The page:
As things stand, Bernie Sanders clearly offers the left its best embodiment of a truly radical change in American politics. Sanders is not shy in saying that government can be used for good, and that the good is the interest of all, including the working class and poor. This language itself is something of a monumental shift: to move beyond our fetish of the disappearing middle-class and positively claim the label of democratic socialist would have been unheard of even four years ago in national politics. Well, unheard of on national media.

So why should we care about the Netroots Nation town hall meeting in which he and governor Martin O’Malley were interrupted by Black Lives Matter activists demanding to be heard and that the candidates say Sandra Bland’s name? Two strikingly opposed answers currently come to the fore: we should care because Sanders’ uneven response simply underlines white people’s blindness to systematic racism. On the other hand, we should not care because Sanders is already fighting that battle. Black Lives Matter just doesn’t understand this fact.

First, a basic point needs to be made, or remade. Race is, scientifically speaking, a fabrication. We Americans are habituated into using the term ‘race’, from checking off boxes to designate our ‘race’ to thinking of our country as divided into racial majorities and minorities, not to mention majority minorities. But these phenotypical distinctions, which focus predominately on skin and hair, don’t add up to distinct genotypical groups. Were we to genetically test people of various “races,” a white person is as likely to come out genetically similar to or even more similar to a black person as she is to another white person. Or an Asian person. Or whatever ‘race’ you prefer. There just is no such thing as distinct racial groups, save for we humans. But race does exist nonetheless as a mental structure defining our very concepts of reality, and it has been used historically by social and governmental institutions to organize our physical world in very clear, very painful, and very unjust ways. Even our federally funded and directed highway systems were often intentionally designed to keep black people segregated. So while race does not exist as a scientific fact, it certainly dominates how we think and live (and drive) in the world.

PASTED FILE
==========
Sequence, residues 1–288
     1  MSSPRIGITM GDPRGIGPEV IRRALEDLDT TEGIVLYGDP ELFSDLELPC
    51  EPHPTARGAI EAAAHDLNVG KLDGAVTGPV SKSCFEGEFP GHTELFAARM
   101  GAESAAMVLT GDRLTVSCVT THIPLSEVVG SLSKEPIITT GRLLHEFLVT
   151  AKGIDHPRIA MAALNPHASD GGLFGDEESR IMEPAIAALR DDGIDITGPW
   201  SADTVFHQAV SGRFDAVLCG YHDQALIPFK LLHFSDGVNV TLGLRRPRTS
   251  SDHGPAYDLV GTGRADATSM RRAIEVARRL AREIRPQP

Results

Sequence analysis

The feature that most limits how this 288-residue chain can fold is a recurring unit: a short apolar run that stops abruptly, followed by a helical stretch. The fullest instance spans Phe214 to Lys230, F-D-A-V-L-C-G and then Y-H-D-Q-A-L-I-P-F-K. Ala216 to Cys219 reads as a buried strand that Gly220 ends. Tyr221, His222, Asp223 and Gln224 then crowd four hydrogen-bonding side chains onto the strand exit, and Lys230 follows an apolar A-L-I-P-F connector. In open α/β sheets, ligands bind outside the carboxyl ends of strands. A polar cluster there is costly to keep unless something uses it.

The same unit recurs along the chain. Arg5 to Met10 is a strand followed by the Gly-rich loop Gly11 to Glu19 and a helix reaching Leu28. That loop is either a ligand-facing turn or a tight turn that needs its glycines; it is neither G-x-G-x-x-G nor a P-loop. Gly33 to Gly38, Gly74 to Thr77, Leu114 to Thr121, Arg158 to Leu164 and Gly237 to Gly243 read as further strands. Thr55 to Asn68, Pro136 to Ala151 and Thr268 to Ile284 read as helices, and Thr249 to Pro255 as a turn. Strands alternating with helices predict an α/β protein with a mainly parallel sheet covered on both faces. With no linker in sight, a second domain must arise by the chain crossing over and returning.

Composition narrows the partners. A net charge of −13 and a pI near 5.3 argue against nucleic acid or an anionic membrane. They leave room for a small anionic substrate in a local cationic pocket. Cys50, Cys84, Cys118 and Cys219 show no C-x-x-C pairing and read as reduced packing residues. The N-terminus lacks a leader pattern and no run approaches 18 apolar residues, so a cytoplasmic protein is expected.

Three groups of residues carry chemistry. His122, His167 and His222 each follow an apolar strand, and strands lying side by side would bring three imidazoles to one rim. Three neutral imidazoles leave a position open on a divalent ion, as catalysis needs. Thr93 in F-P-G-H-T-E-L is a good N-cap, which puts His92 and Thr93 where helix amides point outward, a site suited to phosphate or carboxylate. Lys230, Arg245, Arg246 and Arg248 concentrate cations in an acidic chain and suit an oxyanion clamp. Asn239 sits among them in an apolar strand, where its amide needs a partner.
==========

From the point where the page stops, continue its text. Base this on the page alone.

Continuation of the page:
Acknowledging this, the economic argument steps forth. What is the economic argument? It’s actually fairly straightforward, and best put by Seth Ackerman in the following: “But what were slavery, colonialism, Jim Crow, and urban apartheid if not extreme forms of economic inequality? Was the urban apartheid of Haussmann’s Paris not the “symptom” of nineteenth century economic inequality? What was the point of England’s colonization of Ireland if not to impose a lucrative “economic inequality” on its victims? And what exactly do you think all those African slaves were doing in the American South?” The argument is certainly seductive in its simplicity. Economic exploitation is the disease, and racism is but one of its symptoms. After all, there is no doubt that slavery was first and foremost an economic system, and there is also little doubt that much of the history of racial theory, going all the way back to the likes of Kant (sometimes referred to as “the father of race“), but even before him to our unfortunate moral guide, John Locke (or even Aristotle, if you like), has been a post hoc industry fervently trying to justify turning human beings into economic objects. Does this not, in and of itself, show both that ‘race’ is a construction and that the real underlying issue of that construction is essentially economic?

Indeed, as proponents of the economic argument point out, polling shows that even people of color themselves often put economic issues far ahead of issues of race. So at the end of the day, the Black Lives Matter intervention is confused: when we’re talking about race, we’re really talking about economy, and Sanders is our best answer to the mind bogglingly persistent and extensive structural racism that continues to define America. Even black people know this, say the polls.

So why does this fail to convince many people of color? We can begin to answer this by looking at a statistic given by Ryan Cooper, one of the protagonists of the economic argument: “A 2009 statistical comparison between two cohorts of men on this measure, one born from 1945-49, and another born from 1975-79, provides a window into how such rates changed, since the latter cohort came of age just as the incarceration rate was reaching its peak. Over that time, the overall imprisonment risk for men with some college, either white or black, didn’t change much, increasing from 0.4 to 1.2 percent, and from 5.3 to 6.6 percent, respectively. That is a large disparity to be sure, but the numbers are nothing compared to the staggering rates among black high school dropouts, which increased from 14.7 to 68 percent. (White dropouts went from 3.8 to 28 percent.)”